Let’s start exploring null and undefined by having a look at the following comparisons:
null >= 0; //true null <= 0; //true null == 0; //false null > 0; //false null < 0; //false
How can null be bigger or equal to zero, less or equal to zero, but not be equal to zero?!
Equality operators compare at an object level. If both operands, the things left and right of the operator, are of different types a strict comparison (=== or !==) is used. Because null is an object and 0 is a number they are not equal.
Number(null) >= 0; //true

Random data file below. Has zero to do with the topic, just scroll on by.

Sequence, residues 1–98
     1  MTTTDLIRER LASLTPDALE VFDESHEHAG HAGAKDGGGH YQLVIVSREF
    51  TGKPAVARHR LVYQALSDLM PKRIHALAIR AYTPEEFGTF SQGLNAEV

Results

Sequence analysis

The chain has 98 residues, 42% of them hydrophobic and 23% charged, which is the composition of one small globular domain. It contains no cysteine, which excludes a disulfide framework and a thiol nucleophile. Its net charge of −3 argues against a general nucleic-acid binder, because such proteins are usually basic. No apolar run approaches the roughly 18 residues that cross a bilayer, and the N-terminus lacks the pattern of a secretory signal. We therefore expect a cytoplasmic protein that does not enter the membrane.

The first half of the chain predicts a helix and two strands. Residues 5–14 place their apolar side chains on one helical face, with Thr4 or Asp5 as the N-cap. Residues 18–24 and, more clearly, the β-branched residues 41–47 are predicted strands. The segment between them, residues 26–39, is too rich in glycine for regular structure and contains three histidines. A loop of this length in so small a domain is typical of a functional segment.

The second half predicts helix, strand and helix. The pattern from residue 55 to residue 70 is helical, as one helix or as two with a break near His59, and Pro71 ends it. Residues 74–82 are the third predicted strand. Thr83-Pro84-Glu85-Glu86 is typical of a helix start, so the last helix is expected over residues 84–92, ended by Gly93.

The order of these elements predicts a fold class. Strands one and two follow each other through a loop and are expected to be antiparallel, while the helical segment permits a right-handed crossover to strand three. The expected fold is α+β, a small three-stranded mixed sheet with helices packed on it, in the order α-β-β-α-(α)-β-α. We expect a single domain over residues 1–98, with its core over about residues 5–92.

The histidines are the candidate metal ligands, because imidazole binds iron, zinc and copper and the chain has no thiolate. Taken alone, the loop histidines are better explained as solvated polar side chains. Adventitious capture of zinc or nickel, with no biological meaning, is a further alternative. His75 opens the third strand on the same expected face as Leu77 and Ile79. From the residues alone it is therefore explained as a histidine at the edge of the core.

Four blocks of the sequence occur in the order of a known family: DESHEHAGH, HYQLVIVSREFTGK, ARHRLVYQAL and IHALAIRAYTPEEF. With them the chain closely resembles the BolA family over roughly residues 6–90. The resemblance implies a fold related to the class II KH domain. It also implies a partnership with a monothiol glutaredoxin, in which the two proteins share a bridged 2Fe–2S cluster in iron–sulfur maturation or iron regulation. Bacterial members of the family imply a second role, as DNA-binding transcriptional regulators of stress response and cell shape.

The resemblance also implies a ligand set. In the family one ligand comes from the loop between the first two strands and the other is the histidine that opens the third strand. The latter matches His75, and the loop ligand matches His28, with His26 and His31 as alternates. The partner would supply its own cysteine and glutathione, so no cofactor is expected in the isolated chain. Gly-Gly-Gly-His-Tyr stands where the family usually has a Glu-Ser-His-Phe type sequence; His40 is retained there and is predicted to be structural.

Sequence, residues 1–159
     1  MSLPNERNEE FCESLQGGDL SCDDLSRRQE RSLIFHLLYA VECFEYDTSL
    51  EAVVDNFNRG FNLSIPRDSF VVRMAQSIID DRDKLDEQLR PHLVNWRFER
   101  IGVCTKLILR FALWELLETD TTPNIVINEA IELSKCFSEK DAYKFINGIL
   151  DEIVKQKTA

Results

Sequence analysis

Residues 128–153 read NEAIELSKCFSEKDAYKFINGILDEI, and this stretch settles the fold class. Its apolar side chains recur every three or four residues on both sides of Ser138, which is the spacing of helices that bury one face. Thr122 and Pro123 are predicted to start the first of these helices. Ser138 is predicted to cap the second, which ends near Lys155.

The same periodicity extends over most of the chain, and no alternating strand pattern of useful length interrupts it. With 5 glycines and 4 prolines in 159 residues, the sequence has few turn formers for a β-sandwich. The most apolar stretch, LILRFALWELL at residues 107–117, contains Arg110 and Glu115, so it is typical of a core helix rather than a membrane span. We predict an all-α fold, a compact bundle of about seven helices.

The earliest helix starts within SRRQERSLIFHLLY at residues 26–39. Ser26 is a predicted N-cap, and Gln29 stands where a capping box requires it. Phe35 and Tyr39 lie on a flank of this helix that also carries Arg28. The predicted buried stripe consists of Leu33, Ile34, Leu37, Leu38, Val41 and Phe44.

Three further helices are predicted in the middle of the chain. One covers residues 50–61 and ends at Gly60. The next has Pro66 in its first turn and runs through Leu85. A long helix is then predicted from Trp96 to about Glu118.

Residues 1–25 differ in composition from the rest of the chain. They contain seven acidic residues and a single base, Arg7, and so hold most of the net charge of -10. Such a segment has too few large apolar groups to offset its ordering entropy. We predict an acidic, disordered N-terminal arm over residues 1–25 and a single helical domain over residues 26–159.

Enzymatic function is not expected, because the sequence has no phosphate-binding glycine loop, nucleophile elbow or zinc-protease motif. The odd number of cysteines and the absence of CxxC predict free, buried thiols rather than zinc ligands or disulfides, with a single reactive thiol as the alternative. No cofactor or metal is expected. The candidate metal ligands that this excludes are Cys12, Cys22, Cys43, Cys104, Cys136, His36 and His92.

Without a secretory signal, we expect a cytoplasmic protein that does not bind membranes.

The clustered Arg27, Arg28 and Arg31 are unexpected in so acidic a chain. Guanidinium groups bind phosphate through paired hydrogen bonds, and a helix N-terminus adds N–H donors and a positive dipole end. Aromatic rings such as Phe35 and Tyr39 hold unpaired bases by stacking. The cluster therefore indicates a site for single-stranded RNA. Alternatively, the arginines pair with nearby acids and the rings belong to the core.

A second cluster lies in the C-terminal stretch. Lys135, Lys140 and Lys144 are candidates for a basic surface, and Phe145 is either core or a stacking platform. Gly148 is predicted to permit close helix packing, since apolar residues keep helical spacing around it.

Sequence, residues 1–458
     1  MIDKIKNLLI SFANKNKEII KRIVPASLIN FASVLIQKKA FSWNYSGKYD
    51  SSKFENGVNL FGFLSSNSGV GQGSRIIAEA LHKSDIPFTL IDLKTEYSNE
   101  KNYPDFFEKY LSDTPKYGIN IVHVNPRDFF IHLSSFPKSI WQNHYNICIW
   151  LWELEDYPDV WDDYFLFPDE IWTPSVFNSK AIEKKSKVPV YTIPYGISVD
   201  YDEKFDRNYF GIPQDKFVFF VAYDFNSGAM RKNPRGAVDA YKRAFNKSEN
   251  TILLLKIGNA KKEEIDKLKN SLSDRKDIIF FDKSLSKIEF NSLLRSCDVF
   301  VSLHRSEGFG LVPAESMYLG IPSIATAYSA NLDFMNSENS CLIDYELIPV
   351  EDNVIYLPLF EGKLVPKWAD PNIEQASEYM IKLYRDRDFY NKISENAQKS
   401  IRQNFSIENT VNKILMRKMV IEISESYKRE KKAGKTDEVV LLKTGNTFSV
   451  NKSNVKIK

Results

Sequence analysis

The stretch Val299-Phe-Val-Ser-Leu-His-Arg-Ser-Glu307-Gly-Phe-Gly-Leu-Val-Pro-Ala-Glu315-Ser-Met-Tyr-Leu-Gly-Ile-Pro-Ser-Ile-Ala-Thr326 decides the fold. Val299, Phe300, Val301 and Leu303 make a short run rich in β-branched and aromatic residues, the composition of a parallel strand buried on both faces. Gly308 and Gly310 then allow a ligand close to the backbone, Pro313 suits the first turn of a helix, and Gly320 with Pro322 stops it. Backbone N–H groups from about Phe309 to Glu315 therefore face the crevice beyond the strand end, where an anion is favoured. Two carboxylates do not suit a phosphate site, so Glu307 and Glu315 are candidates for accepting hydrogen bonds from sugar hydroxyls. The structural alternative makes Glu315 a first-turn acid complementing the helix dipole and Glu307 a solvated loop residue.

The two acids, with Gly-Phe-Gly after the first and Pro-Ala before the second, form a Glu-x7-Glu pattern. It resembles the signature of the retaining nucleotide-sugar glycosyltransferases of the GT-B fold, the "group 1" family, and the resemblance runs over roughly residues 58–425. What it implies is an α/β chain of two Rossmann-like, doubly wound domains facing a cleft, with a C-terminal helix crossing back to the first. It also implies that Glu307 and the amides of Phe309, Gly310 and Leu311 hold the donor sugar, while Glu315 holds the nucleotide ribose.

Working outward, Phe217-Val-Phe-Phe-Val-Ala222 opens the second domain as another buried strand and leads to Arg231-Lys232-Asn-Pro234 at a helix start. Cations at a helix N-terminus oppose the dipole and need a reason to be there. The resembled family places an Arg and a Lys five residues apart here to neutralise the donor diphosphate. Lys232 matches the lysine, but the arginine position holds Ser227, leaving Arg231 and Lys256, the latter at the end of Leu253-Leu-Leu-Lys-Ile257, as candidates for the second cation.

Which makes much more sense. Number(null) return the value 0 and 0 is equal to 0.
Let’s try the same examples with undefined:
undefined >= 0;//false undefined <= 0;//false undefined == 0;//false undefined < 0;//false undefined > 0;//false
There’s even a little bit more to the comparison algorithm than this, but this explains the idea.
For example in a function retrieving a piece of data. When that data isn’t there, this function returns null. Otherwise, it returns the data. This way one can tell if the value is returned by the function and is set to null or if the variable that should contain the result isn’t set at all.
In other words: null !== undefined